2007 Melbourne Underground Film Festival: The Aftermath
The 8th annual Melbourne Underground Film Festival has long come and gone. But there were a couple of controversies swirling around the fest this year that I thought could use some follow-up. Some of this is ancient news and you may have already heard it, but, well, I’m slow and lazy yet comprehensive.
1) Before the fest started, director Richard Wolstencroft threw down the gauntlet, calling out Sydney Underground Film Festival founder Stefan Popescu for basically stealing his idea for even holding an underground fest in Sydney. (This was SUFF’s first year in business.) While I was hoping for a fistfight, it turns out that both men came up with the same idea at the same time and, after some peaceful talks, the dispute was resolved in a very amicable manner. Rats!
2) Seven films were banned from screening at this year’s MUFF by the Australian Office of Film and Literature Classification. Last year, a film was also officially banned, but Wolstencroft just showed it anyway. This year, though, he complied. Good thing, too. According to filmmaker Tony Comstock, director of the banned Ashley & Kisha, cops showed up at the previously scheduled showtimes to make sure the banned films stayed banned! (Um, ridiculous.)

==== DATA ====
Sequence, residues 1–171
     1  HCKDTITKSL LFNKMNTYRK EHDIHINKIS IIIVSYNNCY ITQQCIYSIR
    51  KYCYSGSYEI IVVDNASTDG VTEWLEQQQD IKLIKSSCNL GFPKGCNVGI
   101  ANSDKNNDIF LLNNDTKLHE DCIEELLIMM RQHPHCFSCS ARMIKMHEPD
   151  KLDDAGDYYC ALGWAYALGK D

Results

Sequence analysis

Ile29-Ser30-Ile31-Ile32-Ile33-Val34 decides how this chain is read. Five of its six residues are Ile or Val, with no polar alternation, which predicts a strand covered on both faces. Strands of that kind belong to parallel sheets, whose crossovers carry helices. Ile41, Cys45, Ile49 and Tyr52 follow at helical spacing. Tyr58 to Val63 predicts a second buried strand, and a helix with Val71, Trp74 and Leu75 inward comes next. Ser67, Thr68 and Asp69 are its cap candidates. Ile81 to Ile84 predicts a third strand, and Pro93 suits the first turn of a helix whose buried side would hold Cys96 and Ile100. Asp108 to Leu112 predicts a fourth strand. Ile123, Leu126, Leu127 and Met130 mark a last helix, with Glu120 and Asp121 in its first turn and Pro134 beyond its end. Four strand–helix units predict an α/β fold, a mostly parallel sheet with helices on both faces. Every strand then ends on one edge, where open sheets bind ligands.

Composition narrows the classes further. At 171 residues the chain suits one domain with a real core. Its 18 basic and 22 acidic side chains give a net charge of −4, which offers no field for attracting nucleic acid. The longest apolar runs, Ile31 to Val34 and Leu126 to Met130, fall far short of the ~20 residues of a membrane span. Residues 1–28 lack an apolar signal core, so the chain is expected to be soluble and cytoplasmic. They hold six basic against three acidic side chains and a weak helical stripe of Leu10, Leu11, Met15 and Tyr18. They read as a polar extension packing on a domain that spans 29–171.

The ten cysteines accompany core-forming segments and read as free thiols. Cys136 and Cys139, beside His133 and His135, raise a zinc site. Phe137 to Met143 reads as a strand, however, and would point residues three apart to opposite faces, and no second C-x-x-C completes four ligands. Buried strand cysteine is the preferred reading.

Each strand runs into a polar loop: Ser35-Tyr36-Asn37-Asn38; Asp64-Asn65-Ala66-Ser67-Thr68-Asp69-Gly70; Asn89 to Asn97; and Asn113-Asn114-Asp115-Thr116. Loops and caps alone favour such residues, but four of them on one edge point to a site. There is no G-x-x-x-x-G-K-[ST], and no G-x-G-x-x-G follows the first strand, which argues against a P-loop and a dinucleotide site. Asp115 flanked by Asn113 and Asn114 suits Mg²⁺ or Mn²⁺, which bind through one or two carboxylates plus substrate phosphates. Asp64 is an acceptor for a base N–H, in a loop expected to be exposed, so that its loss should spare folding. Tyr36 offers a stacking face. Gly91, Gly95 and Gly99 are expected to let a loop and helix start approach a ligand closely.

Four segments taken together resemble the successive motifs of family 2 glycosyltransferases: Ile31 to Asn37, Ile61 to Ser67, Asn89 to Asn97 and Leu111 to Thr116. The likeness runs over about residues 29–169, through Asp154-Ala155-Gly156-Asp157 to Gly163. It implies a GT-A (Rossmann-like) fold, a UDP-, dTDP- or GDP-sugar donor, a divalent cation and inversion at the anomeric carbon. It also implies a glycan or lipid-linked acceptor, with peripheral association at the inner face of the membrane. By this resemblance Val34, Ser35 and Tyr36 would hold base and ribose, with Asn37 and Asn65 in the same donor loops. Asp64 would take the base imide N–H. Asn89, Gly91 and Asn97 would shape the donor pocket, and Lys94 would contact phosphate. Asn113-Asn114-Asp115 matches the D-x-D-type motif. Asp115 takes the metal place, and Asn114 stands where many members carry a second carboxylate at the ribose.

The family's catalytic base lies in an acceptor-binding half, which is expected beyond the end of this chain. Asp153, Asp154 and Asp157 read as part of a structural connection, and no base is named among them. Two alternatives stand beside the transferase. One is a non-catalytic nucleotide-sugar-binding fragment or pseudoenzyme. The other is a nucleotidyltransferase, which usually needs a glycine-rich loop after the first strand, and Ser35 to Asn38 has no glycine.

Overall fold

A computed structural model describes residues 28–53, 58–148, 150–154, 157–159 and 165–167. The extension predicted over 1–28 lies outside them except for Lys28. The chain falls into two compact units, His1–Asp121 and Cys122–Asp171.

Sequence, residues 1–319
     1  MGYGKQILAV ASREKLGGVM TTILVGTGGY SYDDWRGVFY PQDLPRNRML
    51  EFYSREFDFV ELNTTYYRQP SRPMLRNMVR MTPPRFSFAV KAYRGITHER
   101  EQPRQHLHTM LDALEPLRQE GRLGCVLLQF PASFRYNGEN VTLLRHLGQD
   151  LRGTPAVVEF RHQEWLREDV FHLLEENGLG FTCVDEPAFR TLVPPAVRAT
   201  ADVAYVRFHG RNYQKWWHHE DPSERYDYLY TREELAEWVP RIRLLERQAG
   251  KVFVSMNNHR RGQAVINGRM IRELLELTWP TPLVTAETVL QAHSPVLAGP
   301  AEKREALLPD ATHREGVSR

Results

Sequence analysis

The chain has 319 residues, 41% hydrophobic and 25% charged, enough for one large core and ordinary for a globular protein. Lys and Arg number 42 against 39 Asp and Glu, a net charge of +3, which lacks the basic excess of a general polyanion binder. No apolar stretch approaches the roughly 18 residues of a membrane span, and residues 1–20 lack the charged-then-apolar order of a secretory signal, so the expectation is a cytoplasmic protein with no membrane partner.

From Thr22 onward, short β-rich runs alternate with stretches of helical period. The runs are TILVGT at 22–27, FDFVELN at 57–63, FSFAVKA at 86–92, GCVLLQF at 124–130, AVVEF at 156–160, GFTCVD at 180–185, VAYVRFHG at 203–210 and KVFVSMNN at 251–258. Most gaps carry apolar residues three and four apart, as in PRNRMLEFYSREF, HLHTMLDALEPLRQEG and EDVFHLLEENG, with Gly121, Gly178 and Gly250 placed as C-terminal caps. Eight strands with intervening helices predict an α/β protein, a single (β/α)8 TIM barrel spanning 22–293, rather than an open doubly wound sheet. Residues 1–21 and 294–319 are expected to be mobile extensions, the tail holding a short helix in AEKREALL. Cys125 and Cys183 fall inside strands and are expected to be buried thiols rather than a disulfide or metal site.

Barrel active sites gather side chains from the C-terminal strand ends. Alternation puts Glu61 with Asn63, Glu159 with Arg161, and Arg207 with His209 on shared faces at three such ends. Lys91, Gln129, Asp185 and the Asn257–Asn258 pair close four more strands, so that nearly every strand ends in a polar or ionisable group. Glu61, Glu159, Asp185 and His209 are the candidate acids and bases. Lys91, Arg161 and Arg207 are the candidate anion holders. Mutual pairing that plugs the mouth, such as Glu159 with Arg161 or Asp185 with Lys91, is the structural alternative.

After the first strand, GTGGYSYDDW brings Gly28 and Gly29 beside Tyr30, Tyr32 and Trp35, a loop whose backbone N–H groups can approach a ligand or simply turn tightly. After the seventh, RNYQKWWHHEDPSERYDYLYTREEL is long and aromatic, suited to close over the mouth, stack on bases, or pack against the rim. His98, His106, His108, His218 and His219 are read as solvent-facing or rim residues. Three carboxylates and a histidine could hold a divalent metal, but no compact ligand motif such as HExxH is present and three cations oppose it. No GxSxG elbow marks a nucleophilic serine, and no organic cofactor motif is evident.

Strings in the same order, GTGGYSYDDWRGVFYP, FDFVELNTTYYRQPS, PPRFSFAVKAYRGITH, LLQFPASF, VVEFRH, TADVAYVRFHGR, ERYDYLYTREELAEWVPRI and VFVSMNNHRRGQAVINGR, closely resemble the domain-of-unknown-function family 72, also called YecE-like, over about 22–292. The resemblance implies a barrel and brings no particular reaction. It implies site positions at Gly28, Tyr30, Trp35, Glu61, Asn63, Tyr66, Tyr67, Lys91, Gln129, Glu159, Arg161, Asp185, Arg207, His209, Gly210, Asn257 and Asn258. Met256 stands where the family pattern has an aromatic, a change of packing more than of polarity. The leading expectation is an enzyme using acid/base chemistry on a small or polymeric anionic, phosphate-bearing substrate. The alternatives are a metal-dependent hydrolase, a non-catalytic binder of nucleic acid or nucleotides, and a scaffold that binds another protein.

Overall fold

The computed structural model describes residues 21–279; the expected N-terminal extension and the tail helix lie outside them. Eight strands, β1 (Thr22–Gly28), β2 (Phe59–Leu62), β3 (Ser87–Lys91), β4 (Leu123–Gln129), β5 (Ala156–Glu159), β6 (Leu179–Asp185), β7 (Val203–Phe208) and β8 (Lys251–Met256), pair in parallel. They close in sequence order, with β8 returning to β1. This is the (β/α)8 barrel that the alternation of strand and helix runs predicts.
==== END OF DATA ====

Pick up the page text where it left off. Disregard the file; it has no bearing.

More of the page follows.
Wolstencroft wrote a scathing open letter to the OFLC that, as far as I’ve heard, has been completely ignored. Comstock took actions into his own hands and contacted the OFLC himself for further clarification and basically got the “hey, the system’s not perfect” blowoff. Tony’s also got a list of links to news stories surrounding the matter.
3) So, now a new controversy has arisen. Or, at least I’m trying to drum one up. But someone named Shane Lyons is starting up his own festival, the Melbourne Filmmakers’ Festival, and has started a blog to promote it — and to relentlessly slam both MUFF and Richard Wolstencroft. Here’s one of Shane’s typically hostile posts entitled “What’s Wrong With the Melbourne Underground Film Festival?” According to Shane, lots! But, his arguments are basically that MUFF gives short filmmakers the bum’s rush; shows too many films glorifying sex and violence; and Wolstencroft writes inappropriate director’s statements. Personally, I’d just like to say in response a) from now to, say, the end of time short filmmakers will probably always get screwed everywhere (except on the Underground Film Journal, natch); b) but that’s what’s fun!; and c) but that’s what’s fun!